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The new Honan-Allston Branch Library is a single story 20,000 square foot building along a prominent neighborhood street. The building addresses issues that are important to the Boston Public Library, including maximum visual control within the library, a reading garden that serves as many spaces as possible, off-hours access for community use, and a prominent reading room on the front of the building.
The scheme divides the building into three parallel zones. The front zone contains all the active, information-gathering program components, including the stacks. The rear zone contains all of the meeting and program spaces, which have off-hours community use. The middle zone is very transparent, with alternating gardens and glass pavilion reading rooms. By creating several small garden spaces rather than a single large garden, each reading room is able to have a garden on both sides. This organization allows a beautiful specimen Beech tree to be preserved in one of the gardens.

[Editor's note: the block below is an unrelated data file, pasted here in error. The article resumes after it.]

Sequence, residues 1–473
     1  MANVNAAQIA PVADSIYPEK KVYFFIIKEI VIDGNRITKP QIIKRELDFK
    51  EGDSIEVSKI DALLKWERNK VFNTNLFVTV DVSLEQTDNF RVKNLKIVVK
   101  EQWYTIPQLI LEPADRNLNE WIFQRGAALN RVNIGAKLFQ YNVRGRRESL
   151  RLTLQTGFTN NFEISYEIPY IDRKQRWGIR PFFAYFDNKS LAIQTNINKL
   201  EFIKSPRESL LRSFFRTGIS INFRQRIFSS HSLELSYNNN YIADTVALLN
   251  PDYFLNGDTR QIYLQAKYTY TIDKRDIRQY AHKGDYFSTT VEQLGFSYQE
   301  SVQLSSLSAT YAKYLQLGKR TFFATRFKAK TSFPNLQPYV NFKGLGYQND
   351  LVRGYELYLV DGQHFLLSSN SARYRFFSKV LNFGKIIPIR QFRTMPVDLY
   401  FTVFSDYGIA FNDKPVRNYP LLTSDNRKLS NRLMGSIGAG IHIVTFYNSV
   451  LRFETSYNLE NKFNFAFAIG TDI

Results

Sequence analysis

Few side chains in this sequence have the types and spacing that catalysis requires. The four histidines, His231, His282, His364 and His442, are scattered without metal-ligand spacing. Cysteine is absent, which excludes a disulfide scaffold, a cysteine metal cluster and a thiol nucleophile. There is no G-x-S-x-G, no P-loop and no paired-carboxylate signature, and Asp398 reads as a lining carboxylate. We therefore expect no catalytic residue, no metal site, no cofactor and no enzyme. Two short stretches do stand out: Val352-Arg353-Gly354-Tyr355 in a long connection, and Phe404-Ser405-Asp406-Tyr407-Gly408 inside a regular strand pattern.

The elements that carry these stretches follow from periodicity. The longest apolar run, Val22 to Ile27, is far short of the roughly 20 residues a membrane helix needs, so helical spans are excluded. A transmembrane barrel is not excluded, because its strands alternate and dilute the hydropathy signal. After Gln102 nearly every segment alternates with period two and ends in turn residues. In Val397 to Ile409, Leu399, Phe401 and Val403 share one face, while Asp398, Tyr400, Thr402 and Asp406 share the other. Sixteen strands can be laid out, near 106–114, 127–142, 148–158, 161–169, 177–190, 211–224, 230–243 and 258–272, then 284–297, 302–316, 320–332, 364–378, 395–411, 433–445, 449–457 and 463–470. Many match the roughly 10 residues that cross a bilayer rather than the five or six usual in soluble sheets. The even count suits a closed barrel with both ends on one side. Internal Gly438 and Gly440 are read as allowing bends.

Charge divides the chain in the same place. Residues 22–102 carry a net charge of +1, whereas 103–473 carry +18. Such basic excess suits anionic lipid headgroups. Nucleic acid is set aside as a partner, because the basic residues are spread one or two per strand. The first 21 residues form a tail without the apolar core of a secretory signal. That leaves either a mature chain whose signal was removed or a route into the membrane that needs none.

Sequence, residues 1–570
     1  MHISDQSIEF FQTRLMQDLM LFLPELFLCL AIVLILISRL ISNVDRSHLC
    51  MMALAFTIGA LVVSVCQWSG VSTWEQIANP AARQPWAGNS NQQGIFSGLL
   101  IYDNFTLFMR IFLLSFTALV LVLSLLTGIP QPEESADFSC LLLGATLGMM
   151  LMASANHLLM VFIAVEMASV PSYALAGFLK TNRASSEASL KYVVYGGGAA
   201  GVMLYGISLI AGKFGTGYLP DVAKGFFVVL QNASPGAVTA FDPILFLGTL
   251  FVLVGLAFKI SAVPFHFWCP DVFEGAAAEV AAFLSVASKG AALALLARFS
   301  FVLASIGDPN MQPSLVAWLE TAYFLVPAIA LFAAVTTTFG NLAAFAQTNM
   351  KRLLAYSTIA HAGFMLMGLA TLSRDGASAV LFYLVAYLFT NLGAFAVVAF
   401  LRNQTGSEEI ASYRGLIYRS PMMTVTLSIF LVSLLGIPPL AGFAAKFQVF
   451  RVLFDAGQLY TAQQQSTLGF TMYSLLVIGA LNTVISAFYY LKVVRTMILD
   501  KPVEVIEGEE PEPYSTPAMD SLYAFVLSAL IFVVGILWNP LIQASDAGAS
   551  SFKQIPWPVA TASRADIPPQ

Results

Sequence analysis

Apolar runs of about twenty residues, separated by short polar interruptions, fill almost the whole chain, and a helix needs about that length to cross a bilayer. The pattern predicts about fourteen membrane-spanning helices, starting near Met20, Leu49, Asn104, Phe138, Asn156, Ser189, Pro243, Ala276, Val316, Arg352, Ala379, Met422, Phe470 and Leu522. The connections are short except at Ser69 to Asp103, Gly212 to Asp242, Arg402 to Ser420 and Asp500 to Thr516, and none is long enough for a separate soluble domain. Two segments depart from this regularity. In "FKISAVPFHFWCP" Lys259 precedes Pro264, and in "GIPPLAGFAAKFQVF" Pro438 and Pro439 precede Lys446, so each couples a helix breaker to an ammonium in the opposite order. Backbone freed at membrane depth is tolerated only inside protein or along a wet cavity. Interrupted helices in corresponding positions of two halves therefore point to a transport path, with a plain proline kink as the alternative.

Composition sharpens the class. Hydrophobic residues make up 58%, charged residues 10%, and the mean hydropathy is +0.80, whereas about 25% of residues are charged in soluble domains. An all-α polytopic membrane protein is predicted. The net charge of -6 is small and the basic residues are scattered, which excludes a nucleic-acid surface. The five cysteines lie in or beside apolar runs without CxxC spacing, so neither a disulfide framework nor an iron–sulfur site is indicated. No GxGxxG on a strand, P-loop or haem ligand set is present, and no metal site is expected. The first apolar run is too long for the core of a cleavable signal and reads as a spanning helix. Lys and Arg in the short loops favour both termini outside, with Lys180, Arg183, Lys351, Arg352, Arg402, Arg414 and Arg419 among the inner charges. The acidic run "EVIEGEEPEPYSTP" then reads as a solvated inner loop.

The warm material palette is made up of slate shingles and panels, rough slate blocks, and wood cladding. Natural finished wood windows are used with a combination of fixed and operable units. The interior floors are a combination of wood and cork which shares the same warm tones of the exterior materials.
The Machado and Silvetti design team actively engaged the community in every aspect of the design process. Their participation in numerous meetings and community events helped to develop a design scheme that not only addressed the multitude of tasks and services provided by our public library today, but also transformed a site into an inviting and vibrant new civic structure . The end result is a fantastically well-received building now being overwhelmed with significant public use.
Bernard A. Margolis
The Boston Public Library